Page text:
And I'm just, I just got, the reason that happened is because I got super addicted early on to that moment when somebody said, Oh, I get it now. And it was like two circles and an arrow on a board. And I had spent 30 minutes trying to explain this concept. And in an act of like desperation, I would stand up and say, no, like this.

And then I'd get that moment. Oh, I get it now. And I think if we can help in terms of the sales conversation, if we can help somebody have that moment quicker where they're like, oh, I see it, in a modern, beautiful way on their phone. that what happens is you become linked and embedded to that moment of understanding.

Like it's almost like in their brains. That moment of understanding was brought to you by, Advisor X. And I think the sooner and the more frequently we can give somebody that moment of clarity, then that's the magic moment that the advisor now will never lose a client. Because there's been this moment of I see it now.

And that's why I think it changes the sales process pretty dramatically. Cause we can make things simple, quick.

Reese Harper: I want to highlight one other thing, Carl, that you made me think of, and that's that Elements is, it was designed to bring people into the present moment. And determine the next action, which is very different, I think, than where we've been having conversations in the past. We've been having conversations about 10 years out, 5 years out, 15 years out, 20 years out.

And for most of us, we don't relate to finances that way. We don't relate to life that way. we're making decisions usually. That unlock pain from where we're at today. Like we just are trying to kick, move the ball down the field a yard or two, a five yards, 10 yards. we're not trying every time we sit down with our finances to knock the ball out of the park.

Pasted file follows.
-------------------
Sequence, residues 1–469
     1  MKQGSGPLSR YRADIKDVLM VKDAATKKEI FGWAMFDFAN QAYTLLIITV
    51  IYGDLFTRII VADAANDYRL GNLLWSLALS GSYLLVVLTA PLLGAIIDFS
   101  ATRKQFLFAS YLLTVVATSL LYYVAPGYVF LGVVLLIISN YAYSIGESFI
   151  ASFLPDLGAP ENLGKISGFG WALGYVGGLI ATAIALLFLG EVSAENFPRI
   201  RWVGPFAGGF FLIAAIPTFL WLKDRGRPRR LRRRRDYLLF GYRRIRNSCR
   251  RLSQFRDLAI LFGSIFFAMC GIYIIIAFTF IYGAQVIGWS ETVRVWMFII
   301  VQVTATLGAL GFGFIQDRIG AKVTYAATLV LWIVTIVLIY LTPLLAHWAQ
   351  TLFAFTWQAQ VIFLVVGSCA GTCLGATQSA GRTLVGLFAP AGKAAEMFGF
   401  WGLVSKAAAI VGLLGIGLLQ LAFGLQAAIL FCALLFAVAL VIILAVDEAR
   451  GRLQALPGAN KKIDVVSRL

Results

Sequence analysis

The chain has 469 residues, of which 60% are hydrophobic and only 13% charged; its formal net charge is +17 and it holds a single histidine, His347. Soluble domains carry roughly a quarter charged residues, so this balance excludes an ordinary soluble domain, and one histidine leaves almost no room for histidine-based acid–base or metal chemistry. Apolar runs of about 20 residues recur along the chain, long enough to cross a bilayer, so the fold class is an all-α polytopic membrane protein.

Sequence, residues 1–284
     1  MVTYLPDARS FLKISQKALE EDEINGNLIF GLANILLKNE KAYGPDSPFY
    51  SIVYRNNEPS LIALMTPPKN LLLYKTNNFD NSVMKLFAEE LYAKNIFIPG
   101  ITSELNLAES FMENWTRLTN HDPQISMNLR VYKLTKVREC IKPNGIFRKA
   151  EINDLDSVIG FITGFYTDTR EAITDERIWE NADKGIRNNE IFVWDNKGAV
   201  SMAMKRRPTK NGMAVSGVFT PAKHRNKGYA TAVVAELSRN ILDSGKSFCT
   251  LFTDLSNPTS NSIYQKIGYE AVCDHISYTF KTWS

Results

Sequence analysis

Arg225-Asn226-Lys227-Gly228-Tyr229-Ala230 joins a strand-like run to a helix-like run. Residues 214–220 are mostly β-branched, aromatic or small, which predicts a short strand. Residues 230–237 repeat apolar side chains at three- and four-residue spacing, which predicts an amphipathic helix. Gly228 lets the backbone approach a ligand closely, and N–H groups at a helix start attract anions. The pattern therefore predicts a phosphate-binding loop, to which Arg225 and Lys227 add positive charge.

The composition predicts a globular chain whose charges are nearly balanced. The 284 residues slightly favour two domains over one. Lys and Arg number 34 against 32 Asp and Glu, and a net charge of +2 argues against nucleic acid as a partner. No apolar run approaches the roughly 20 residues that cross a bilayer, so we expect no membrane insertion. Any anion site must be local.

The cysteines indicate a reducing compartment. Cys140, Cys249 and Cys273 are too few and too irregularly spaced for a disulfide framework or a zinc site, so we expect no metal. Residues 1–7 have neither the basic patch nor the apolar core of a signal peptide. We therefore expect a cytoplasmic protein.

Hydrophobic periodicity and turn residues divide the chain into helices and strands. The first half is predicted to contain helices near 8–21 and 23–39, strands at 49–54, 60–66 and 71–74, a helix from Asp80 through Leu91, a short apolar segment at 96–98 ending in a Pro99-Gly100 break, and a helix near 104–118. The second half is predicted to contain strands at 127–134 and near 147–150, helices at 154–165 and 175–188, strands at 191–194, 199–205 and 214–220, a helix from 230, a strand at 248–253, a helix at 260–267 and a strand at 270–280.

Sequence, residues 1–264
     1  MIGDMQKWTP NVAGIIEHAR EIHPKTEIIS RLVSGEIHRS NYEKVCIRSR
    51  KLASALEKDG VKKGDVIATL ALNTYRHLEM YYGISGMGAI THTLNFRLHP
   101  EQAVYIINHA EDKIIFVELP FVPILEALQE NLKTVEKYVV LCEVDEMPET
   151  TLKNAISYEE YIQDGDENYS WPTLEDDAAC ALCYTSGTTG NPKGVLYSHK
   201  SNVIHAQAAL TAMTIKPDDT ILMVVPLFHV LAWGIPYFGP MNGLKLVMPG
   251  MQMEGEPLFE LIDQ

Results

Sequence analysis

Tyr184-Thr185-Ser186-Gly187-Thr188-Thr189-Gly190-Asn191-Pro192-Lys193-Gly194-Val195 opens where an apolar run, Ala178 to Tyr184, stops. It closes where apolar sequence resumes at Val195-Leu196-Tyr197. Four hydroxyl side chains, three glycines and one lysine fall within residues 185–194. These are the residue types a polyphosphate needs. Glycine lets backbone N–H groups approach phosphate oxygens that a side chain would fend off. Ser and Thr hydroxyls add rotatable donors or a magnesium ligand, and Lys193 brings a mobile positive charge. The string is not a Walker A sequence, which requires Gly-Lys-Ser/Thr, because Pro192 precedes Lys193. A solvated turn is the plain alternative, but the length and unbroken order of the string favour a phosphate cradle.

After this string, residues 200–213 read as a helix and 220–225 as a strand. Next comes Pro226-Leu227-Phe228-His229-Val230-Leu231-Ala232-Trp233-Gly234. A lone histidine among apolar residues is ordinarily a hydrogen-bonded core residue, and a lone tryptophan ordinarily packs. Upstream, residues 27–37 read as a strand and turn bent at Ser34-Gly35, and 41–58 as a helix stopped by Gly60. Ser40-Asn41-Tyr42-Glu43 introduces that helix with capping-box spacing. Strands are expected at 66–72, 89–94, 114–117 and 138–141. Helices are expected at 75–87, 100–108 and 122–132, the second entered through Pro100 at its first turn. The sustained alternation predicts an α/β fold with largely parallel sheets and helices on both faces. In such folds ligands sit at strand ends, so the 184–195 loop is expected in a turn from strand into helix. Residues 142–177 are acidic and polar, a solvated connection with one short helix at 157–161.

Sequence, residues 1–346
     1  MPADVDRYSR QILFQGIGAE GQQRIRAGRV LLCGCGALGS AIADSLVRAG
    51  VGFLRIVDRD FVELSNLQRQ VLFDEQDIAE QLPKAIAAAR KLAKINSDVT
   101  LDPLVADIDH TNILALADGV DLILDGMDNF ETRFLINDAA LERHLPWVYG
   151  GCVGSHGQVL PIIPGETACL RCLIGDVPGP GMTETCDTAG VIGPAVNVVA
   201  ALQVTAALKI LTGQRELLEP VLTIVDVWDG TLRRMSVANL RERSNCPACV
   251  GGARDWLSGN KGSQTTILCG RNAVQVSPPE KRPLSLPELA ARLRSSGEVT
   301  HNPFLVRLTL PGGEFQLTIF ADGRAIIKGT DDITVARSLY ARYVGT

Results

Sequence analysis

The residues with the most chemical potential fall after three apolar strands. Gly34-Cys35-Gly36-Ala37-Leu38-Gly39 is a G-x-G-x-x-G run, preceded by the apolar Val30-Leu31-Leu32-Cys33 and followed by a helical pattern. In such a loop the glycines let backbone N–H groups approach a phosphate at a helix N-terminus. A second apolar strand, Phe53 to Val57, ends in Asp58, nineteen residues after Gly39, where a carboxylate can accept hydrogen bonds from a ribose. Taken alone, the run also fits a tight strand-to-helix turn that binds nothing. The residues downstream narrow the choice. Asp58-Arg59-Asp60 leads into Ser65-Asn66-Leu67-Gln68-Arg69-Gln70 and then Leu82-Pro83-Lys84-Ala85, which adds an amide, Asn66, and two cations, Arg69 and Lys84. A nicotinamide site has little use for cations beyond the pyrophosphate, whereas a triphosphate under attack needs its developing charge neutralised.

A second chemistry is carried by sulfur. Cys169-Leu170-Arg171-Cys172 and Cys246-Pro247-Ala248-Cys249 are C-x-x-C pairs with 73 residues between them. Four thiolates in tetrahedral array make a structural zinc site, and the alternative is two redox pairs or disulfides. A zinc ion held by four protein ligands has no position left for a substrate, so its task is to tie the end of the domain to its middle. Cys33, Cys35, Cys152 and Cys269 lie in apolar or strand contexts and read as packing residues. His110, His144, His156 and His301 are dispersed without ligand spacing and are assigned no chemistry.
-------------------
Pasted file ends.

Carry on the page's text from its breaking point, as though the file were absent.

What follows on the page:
We're not trying to hit a home run. We're not trying to live 20 years out. And. I feel as an industry, we've I think in an effort to maybe just gather assets quickly, I think we've just pushed people out and showing them how big their pot of money can get in the future if they just make changes right now, but that's, I think we've lost trust, as an industry with the client, because we're not offering them real advice that can get them five yards down the field.

We're offering them advice that is somewhat unrelated to their highest priority pain, which might be different than their retirement account balances. Their investments might not be the problem they're facing that's the deepest right now. So I think as an advisor, the reason I like using Vital Signs as like a primary place I reference is it's always bringing people back to the present and it's always bringing them back into what is going on right now.

And how can we improve your situation, to help you feel better tomorrow by just making an adjustment today, that might look like saving $500 into a brokerage account, but it might look like refinancing alone. It might open up a whole new world of advice. That we weren't giving before around how to earn more money and make more money.

We're not touching the revenue side of the conversation at all as an industry. And I think that as we start to develop data sets that help us push into comparative analytics and benchmarking, tracking Vital Signs over time advisors are going to start to have more beneficial conversations that bring both income generation and expense management.